AUGUSTA — A controversial proposal for a new property maintenance ordinance goes back to city councilors Thursday after officials have scaled back some provisions that drew sharp criticism, including rules about keeping properties free of weeds.

The proposed ordinance would require residents, businesses and other landowners in the city to keep their properties from falling into disrepair or becoming unsafe or unsightly.

It was written primarily in response to residents’ complaints in recent years about some properties being allowed to deteriorate and neither the city nor neighbors having recourse to do anything about property owners who don’t do proper maintenance.

But some residents and city councilors expressed concerns last year soon after the ordinance was proposed that it went too far, could take away private property rights, and could prevent property owners from keeping any unregistered, uninspected motor vehicles on their properties.

A council subcommittee spent at least three meetings making revisions to the ordinance, cutting it down from a 15-page draft to a seven-page document that councilors are scheduled to review Thursday.

The document is so much slimmer primarily because existing city rules and regulations that were initially incorporated into it from other ordinances have been removed from the proposed new ordinance, according to Matt Nazar, development director. So while those existing provisions — such as standards already set in the city’s land use rules — are still in effect, they are no longer part of the new ordinance.

Nazar said combining the old provisions into the new ordinance created unnecessary confusion.

However, other revisions do ease the new regulations imposed by the ordinance.

“There was a pull back from some of the standards proposed initially,” Nazar said.

One change limits regulations on weeds that previously would have applied to the entire city to apply only to the Maine Department of Transportation-defined urban compact area of Augusta. Nazar said that area is generally the built-up part of Augusta, including most of the western part of the city.

The weeds rules require property owners within the urban compact area to keep their properties free of weeds or plant growth in excess of 10 inches. The ordinance proposal defines weeds as all grasses, annual plants and vegetation other than trees, shrubs, cultivated flowers and gardens. Exceptions to that would be made to allow hayfields and pastures “where the owner demonstrates that the affected area is actively managed.” And open lawn or field on a lot bigger than 1 1/2 acres would be allowed to grow back into forest if it is are actively managed.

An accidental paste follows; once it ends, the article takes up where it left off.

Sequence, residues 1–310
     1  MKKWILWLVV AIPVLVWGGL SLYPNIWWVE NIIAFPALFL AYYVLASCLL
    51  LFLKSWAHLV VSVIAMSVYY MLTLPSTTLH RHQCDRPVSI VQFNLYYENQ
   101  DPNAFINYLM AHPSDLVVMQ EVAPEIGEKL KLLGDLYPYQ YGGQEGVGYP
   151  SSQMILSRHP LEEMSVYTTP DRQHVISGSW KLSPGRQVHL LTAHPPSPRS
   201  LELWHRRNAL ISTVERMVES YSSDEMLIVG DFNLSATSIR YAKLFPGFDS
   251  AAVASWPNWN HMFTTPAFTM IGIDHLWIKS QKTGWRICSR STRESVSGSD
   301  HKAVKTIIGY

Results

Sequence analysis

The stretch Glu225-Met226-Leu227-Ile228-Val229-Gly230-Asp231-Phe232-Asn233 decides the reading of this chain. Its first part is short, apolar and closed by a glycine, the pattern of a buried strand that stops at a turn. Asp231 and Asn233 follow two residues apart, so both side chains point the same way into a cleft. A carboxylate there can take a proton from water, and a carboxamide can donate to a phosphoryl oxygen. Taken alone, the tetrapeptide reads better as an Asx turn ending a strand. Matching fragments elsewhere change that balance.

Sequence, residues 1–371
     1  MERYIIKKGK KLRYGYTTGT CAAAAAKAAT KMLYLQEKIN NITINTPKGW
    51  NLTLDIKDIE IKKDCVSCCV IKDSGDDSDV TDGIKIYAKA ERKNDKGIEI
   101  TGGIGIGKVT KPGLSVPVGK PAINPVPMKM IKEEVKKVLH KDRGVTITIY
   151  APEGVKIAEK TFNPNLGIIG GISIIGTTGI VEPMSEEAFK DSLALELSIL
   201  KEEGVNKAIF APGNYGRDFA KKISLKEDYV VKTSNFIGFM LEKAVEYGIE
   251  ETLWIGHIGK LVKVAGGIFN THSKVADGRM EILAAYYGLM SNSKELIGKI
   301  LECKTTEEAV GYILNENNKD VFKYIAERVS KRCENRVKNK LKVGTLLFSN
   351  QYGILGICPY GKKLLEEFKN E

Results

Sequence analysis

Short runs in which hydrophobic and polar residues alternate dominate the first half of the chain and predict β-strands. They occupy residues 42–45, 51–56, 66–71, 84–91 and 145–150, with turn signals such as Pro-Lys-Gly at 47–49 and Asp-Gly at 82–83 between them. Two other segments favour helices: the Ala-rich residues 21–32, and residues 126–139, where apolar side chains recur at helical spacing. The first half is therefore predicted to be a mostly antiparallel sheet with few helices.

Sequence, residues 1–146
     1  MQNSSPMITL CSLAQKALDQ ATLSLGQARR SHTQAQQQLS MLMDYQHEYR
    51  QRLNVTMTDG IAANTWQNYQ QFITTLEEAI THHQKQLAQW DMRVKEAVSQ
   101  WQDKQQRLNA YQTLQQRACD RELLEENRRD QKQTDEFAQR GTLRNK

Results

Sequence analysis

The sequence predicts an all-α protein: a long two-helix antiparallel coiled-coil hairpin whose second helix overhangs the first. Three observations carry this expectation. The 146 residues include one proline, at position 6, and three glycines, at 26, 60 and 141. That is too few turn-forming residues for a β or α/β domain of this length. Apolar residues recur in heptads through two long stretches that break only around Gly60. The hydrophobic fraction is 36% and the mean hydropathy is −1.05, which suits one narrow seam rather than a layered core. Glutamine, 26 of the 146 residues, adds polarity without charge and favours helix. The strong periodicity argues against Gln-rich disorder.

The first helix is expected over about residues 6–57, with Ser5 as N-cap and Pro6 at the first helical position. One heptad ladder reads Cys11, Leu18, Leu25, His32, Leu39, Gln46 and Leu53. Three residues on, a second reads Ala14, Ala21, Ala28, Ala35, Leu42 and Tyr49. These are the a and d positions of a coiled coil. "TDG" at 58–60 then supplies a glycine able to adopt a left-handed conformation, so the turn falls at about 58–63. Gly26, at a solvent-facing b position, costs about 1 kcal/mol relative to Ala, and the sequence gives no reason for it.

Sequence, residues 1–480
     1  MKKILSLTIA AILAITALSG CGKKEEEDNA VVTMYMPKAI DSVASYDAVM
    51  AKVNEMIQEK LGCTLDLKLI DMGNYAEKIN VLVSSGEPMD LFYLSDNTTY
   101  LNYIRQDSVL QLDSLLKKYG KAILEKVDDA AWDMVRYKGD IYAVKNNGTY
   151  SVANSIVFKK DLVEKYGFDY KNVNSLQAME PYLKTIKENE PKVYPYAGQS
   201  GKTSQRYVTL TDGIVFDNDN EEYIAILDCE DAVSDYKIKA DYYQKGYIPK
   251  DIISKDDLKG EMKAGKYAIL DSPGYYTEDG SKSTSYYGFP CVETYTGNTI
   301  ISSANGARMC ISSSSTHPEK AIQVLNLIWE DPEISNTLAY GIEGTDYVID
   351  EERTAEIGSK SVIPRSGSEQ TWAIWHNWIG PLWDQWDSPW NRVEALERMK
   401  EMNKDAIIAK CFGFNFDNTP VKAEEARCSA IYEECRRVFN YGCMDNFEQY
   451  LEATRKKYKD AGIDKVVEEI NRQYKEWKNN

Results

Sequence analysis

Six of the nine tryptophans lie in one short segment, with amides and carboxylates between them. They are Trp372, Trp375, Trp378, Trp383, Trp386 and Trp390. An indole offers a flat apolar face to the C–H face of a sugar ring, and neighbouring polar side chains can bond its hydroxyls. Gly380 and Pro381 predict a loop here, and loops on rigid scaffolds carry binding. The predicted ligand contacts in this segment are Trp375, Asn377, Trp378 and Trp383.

Other provisions in which the latest rules are different from the original proposal include motor vehicles that are unregistered and uninspected.

The previous ordinance proposal would have banned inoperative or unlicensed motor vehicles, or motor vehicles “in a state of major disassembly, disrepair or in the process of being stripped or dismantled” from being parked, kept or stored on any premises in the city, unless they are in a structure designed and approved for such purposes.

The new proposal would ban motor vehicles that have not been registered or inspected for one year, down from the previous two in city ordinance, from being stored within 150 feet of a public right of way unless the vehicle is garaged or fully buffered from public view by evergreen plantings or properly installed wooden fences.

Nazar said another change to the proposal removed all regulations pertaining to building interiors, other than those involving the structural integrity of buildings.

Councilors are scheduled to discuss the latest draft of the Property Maintenance Ordinance at their 6:30 p.m. meeting Thursday, in council chambers at Augusta City Center.

Councilors also are scheduled to discuss a proposal to change the zoning of an area between Leighton Road, Darin Drive and Civic Center Drive from the current Rural River District to the Industrial District. The rezoning, recommended unanimously by the Planning Board, would be done to accommodate a proposed addition to J.S. McCarthy to its printing business at 15 Darin Drive.

Keith Edwards — 621-5647

[email protected]

Twitter: @kedwardskj

Only subscribers are eligible to post comments. Please subscribe or to participate in the conversation. Here’s why.

Use the form below to reset your password. When you've submitted your account email, we will send an email with a reset code.